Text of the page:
The real world of a forensic scientist. Renowned experts reveal what it takes to solve crimes

The real world of a forensic scientist. Renowned experts reveal what it takes to solve crimes

Henry Lee, Elaine Pagliaro and Katherine Ramsland

Amherst, US: Prometheus Books 2009 | 349pp | ?21.99 (HB)

ISBN 9781591027294

Reviewed by Mary Daniels 


Forensic science plays a very important role in the US criminal justice system, but is in need of an overhaul

This book, written by three US experts in forensic science, provides a good introduction to forensic science, illustrated by real criminal cases. From viewing of CSI and other popular criminal science series, there is a tendency for people to think that forensics can easily solve the most difficult cases within the one-hour span of a TV episode - the truth is that it can take months to identify and assemble forensic evidence to solve a crime.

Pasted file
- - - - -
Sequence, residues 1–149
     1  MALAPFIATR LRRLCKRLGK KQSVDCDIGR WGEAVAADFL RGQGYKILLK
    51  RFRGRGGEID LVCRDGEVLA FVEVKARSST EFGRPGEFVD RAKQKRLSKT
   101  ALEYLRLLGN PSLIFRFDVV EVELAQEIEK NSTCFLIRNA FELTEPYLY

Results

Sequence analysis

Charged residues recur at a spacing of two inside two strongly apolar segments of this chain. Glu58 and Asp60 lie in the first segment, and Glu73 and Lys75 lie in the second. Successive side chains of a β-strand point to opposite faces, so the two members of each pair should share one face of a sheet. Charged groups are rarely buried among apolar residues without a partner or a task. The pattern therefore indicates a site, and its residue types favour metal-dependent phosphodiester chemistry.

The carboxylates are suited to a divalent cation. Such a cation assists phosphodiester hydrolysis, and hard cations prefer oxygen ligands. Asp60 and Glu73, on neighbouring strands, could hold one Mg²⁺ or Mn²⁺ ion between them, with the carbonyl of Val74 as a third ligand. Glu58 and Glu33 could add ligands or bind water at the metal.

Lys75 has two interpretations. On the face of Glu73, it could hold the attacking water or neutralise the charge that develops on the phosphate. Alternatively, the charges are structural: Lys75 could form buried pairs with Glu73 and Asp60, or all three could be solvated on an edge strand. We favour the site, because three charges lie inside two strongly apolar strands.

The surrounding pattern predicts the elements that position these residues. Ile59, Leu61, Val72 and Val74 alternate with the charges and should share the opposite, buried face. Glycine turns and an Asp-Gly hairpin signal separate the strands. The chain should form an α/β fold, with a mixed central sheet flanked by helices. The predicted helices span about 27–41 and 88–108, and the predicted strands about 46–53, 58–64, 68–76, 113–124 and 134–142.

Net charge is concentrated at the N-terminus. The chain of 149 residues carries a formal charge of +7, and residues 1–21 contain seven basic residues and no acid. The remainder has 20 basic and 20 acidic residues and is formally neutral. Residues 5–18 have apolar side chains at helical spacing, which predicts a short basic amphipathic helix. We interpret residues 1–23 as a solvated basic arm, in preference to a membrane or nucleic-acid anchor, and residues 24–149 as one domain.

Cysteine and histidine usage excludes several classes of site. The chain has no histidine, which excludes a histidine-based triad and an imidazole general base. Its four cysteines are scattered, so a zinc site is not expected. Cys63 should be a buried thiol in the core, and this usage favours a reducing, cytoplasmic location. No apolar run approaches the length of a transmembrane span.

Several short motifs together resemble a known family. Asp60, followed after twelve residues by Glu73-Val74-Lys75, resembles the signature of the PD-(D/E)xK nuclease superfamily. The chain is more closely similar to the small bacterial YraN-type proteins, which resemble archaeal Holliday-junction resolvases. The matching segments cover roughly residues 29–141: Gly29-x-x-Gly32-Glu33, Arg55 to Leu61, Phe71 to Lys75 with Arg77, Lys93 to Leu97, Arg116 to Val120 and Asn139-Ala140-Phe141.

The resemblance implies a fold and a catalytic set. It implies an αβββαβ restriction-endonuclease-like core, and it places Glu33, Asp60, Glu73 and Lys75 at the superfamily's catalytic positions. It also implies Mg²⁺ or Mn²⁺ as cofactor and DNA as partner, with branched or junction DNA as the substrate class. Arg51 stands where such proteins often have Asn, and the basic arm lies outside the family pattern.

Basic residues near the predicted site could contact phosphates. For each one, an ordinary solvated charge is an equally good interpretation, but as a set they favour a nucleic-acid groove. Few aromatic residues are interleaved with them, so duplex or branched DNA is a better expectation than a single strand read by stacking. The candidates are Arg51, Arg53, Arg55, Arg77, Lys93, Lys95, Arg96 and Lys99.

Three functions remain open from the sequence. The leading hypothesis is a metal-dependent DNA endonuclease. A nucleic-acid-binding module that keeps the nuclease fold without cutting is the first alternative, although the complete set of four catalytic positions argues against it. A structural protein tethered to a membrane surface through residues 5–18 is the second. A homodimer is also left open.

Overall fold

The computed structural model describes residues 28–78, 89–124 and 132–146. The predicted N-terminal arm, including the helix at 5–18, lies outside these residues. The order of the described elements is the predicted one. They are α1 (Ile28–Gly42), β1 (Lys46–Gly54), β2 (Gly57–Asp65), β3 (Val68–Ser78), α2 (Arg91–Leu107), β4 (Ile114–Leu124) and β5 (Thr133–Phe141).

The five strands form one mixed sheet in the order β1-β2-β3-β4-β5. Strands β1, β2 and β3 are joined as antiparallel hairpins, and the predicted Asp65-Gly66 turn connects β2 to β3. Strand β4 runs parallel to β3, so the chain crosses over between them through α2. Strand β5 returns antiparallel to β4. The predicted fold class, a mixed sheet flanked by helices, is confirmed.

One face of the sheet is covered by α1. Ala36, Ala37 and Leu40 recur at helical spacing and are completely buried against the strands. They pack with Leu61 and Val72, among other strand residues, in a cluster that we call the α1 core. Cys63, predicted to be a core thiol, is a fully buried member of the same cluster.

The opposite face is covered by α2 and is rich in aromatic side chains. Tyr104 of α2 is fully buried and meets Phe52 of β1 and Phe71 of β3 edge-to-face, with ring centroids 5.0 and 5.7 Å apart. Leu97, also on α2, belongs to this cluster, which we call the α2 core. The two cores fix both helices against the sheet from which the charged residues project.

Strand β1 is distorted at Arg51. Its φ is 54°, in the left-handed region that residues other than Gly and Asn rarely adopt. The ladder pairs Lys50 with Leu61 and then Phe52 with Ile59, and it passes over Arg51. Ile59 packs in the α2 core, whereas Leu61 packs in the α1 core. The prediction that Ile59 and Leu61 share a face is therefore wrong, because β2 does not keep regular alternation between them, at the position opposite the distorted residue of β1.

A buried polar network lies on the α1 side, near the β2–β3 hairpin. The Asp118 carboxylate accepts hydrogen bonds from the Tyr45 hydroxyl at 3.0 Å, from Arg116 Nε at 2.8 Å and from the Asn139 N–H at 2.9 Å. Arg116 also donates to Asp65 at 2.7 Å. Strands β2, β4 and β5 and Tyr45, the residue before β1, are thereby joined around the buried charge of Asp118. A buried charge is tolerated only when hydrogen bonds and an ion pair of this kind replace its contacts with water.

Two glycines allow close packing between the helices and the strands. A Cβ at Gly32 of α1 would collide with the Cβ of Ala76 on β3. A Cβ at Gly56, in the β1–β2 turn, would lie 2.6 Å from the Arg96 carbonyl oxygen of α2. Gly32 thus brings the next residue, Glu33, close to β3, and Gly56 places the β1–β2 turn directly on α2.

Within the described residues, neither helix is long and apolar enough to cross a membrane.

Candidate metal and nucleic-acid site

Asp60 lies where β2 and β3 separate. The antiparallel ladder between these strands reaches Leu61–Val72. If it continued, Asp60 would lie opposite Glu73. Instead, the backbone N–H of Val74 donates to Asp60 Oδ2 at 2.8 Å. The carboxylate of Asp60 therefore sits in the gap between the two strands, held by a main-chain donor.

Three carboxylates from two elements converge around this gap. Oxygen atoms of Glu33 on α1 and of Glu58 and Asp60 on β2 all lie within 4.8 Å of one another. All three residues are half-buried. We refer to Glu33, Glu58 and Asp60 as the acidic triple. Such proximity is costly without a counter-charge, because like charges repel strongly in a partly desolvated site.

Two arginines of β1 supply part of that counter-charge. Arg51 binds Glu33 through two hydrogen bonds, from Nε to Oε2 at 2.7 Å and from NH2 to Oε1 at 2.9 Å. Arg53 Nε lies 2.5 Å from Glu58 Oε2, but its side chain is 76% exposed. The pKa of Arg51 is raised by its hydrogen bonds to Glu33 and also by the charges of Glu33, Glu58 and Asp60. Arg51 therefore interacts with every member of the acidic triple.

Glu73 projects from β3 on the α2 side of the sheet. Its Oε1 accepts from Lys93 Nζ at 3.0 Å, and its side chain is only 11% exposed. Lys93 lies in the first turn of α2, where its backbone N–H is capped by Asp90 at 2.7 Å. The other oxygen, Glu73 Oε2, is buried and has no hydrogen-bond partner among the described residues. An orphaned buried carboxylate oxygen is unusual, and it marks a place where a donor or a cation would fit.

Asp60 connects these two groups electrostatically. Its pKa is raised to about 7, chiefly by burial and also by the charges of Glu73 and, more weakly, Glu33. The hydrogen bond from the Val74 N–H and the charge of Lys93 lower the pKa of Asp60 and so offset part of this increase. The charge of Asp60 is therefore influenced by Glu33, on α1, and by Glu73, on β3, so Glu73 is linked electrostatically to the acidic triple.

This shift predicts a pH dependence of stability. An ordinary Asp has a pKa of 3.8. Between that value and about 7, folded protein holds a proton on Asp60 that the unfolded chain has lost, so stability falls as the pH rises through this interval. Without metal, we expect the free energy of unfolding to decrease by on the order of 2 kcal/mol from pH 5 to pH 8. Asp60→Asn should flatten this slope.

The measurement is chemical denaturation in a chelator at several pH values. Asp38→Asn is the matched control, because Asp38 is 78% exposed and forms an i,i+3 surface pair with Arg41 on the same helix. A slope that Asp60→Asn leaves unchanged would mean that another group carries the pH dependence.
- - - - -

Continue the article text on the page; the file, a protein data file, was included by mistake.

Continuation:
After a historical introduction, the authors outline the scientific method which underpins the science of forensics, including the collection, testing, preservation and reliability of physical evidence. There follow several chapters on the main techniques used in current forensic practice: fingerprints; firearms evidence; trace evidence and chemical analysis; DNA evidence; and forensic drug analysis and toxicology. The forensic scientist’s role in the US justice system is discussed, including current questioning of the reliability of so-called ’expert witnesses’.

This very readable book is particularly pertinent since earlier this year the US National Academy of Sciences published a report entitled Strengthening forensic science in the United States: a path forward, which is critical of some of the techniques (especially fingerprints) used in forensic science. Its conclusion is that forensic science in the US is in need of an overhaul - including mandatory accreditation, a national oversight committee and universal standards.